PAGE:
- Tuesday, December 10, 2019
- 12:00 - 2:00 pm
- Oak Bay Recreation Centre, 1975 Bee St.
- Save to your Calendar
Our presenter is Ms Denae Dyck, a Ph.D candidate in the Department of English at UVic. She will be speaking on the topic "The Changing Bible in Victorian Literature."
The luncheon and meeting will be held in the ‘Lounge’ on the second floor which can be accessed by the stairs or an elevator. There is parking adjacent to the Centre.
Please contact Earl Jenson (778-265-4198) or Cyril Nasim (250-383-0400) if you need a ride.
A synoposis of Ms Dyck's talk: My talk will explain the historical and cultural context for my topic and then offer some literary examples. Literary works that I will mention include Charles Dickens' A Christmas Carol, Robert Browning's "Christmas-Eve," and George Eliot's Adam Bede. My guess is that people will likely be familiar with A Christmas Carol in some form, and I will use this text to help introduce my discussion of lesser-known works. I won't assume prior knowledge of the texts and contexts and will provide plot summaries, etc. whenever relevant.
Ms. Dyck's Bio:
My research takes as its starting point the interpretive debates sparked by the dissemination of biblical higher criticism in mid-Victorian Britain (1840s to 1880s). This criticism challenged accepted ideas about the Bible's divine inspiration and unified message, emphasizing instead its historical contexts, composite authorship, and generic plurality. I am interested in how poets, novelists, and essayists responded to the critical project of re-reading the Bible as a fragmentary and dialogic text. More specifically, I focus on the role that reinterpretations of biblical wisdom literature played in constructing alternative frameworks of revelation and authority.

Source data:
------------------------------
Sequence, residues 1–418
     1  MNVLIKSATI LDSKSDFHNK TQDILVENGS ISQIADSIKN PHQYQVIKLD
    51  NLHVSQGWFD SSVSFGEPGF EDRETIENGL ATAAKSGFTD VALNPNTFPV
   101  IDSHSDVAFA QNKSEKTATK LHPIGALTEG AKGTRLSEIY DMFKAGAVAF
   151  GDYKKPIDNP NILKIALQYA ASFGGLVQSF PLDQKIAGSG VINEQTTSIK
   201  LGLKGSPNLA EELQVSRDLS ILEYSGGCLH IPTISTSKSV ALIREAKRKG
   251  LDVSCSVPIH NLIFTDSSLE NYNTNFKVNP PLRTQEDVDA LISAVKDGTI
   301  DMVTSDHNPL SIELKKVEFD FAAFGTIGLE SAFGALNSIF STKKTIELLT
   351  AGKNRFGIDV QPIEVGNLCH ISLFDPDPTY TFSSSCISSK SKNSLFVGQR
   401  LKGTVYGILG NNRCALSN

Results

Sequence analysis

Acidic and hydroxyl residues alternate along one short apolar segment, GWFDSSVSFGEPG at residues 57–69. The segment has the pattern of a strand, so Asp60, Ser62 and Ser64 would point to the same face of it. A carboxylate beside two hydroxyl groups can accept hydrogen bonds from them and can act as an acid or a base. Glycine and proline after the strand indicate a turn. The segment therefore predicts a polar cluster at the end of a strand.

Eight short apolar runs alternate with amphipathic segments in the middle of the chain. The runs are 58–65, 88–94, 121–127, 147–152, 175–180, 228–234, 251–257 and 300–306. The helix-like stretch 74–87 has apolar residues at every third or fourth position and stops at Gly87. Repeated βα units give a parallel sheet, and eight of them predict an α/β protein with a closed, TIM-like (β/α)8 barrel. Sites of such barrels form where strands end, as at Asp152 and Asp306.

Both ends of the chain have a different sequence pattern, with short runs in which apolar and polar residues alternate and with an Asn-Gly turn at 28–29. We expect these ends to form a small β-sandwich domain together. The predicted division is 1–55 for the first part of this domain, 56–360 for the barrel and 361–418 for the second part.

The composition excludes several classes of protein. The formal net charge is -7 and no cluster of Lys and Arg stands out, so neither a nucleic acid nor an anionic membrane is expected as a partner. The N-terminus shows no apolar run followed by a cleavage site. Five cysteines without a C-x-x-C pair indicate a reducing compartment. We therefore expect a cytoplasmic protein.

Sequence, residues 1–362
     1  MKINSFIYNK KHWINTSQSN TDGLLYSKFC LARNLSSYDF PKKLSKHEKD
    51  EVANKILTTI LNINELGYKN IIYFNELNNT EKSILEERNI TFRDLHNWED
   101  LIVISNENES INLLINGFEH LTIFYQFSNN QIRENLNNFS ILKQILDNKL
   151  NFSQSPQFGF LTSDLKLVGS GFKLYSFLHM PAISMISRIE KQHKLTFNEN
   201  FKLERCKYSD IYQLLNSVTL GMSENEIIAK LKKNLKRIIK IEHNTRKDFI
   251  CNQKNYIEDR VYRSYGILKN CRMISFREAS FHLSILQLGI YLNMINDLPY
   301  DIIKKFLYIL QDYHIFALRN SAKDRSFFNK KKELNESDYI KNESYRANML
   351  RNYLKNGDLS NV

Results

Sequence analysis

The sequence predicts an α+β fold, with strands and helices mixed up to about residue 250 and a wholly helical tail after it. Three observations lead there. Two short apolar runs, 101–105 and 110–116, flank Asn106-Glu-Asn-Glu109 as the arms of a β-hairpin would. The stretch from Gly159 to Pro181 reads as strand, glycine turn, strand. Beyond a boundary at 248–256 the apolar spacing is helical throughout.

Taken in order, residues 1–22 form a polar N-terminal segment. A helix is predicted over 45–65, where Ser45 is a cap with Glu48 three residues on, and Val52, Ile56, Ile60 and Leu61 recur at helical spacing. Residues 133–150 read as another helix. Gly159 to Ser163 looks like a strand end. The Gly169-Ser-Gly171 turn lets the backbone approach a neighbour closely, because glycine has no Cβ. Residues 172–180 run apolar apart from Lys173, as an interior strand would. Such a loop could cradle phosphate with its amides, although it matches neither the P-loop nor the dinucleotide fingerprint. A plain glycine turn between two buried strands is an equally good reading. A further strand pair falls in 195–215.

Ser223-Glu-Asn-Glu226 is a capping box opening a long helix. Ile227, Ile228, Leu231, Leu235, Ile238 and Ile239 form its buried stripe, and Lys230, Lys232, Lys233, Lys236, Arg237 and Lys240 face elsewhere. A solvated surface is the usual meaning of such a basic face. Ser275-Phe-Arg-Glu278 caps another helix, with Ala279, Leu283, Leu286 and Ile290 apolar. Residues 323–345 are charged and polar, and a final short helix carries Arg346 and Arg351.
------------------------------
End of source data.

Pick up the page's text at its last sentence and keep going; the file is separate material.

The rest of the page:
My work has been generously supported by the Social Sciences and Humanities Research Council of Canada, the Centre for Studies in Religion and Society at UVic, and the Visiting Scholars Program of the Armstrong Browning Library. I serve as a graduate student representative for the Victorian Studies Association of Western Canada, and at this association's 2019 conference I won the Founders' Circle Award (for best paper delivered by a graduate student or emergent scholar up to 5 years post-graduation). At UVic, I am instructor of record for English 386 - Victorian Poetry (Fall 2019) and English 135 - Academic Reading and Writing (Fall 2018 and Spring 2020).